In this section, we will learn what the __mul__ method is and how to use it in Python.
What is __mul__ Method in Python?
Let’s say you have an object of type a class that you’ve created. This object is involved in a multiplication operation (on the left side of the multiplication `*` operator). Now the question is how does python know what value to take from this custom object? For example, let’s say the object has two attributes named `age` and `salary` and both have integer values. So does python take the value of the `age` attribute? Is it the `salary` attribute? Does it use both values in the operation?
Well, the answer is none of them! Actually Python will return an error by default because it doesn’t know what to do with an object of custom type!
But using the `__mul__` method, we can override the multiplication operation for our custom objects.
Basically, when an object of custom type gets involved in a multiplication operation, the execution engine checks that object for the `__mul__` method to see if this method is a member of the object or not. If it was, it will then call the method to get its result. It will then use that result as the value in the multiplication operation.
Python __mul__ Method Syntax
def __mul__(self, other):
Python __mul__ Method Parameters
The method takes two arguments and both of them are filled automatically by the Python execution engine:
- The first argument is a reference to the object itself when the object is involved as the left operand in a multiplication operation.
- The second argument is a reference to the right operand object in the multiplication operation.
Python __mul__ Method Return Value
The return value of the __mul__ method is something that we as developers define what it should be. For example, it can be an integer, a float object, a List, a Dictionary, etc.
Example: using python __mul__ method
class Employee: def __init__(self, age, salary): self.age = age self.salary = salary def __mul__(self,other): return self.age * other.age jack = Employee(40, 150000) john = Employee(60, 250000) res = jack * john print(res)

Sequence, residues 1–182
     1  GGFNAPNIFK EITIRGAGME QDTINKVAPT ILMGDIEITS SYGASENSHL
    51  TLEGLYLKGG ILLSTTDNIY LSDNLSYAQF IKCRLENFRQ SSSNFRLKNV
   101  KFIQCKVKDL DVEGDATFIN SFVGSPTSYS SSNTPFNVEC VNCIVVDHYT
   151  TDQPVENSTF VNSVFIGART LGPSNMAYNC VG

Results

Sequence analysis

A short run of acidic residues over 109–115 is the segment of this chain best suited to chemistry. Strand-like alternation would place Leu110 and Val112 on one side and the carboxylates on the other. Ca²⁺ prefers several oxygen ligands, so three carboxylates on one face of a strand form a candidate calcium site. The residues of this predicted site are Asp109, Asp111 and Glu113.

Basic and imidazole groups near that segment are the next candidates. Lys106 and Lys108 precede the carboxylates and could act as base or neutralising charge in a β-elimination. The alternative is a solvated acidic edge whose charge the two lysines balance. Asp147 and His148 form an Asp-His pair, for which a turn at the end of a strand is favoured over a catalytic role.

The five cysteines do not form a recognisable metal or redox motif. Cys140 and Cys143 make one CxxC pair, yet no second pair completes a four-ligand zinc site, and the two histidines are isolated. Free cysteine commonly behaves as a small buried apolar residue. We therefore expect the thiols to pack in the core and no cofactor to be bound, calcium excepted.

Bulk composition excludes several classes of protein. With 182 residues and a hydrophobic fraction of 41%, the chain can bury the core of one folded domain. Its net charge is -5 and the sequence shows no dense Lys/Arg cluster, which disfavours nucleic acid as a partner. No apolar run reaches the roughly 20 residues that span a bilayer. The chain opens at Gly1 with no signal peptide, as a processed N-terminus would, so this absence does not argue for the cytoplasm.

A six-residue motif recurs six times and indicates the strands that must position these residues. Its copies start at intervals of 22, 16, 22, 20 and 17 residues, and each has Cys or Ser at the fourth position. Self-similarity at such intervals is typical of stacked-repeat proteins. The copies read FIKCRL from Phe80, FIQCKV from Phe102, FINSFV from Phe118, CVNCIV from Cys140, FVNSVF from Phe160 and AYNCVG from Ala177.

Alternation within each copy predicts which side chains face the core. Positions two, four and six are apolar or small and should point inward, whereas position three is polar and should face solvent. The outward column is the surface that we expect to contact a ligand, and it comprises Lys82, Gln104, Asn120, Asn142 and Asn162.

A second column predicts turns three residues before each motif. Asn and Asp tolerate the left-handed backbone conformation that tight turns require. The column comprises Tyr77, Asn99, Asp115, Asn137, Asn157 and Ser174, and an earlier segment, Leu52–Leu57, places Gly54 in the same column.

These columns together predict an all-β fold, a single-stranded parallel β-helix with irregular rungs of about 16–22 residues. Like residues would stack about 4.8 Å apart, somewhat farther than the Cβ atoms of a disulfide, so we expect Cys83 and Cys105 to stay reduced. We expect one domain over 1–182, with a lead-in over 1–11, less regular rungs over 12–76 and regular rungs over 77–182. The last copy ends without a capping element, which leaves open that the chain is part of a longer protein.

As you can see, the `jack` and `john` objects are involved in a multiplication operation. So here because `jack` is the left-hand operand, then the `__mul__` method of this object will be called and a reference of this object will be passed to the `self` parameter and also a reference of the right-hand operand (john) will be passed to the `other` parameter.
Within the body of the `__mul__` method, we’ve decided to use the value of the `age` attribute as the value for the multiplication operation.
So then the value of `age` attribute for both objects is multiplied by each other, and the result returned and assigned to the `res` variable.
Note: the value of the `other` parameter could be anything from an object of basic type to an object of the same type, just like the example above. The important thing to remember is that the right-hand operand of the target operation (multiplication for this example) will be assigned to the `other` parameter. So it’s all about your design and requirement for how you want to interact with the value of the `other` parameter and what should be returned from the method.
For example, the operation is said to be multiplication, but you’re not under any obligation to multiply any value in the overloaded method! You can simply return a single value of any object. Or you can subtract values from each other and return that as a result! Or even return a string value as a result of the method! So it’s all about what you want to do with your objects when they are involved in multiplication operation.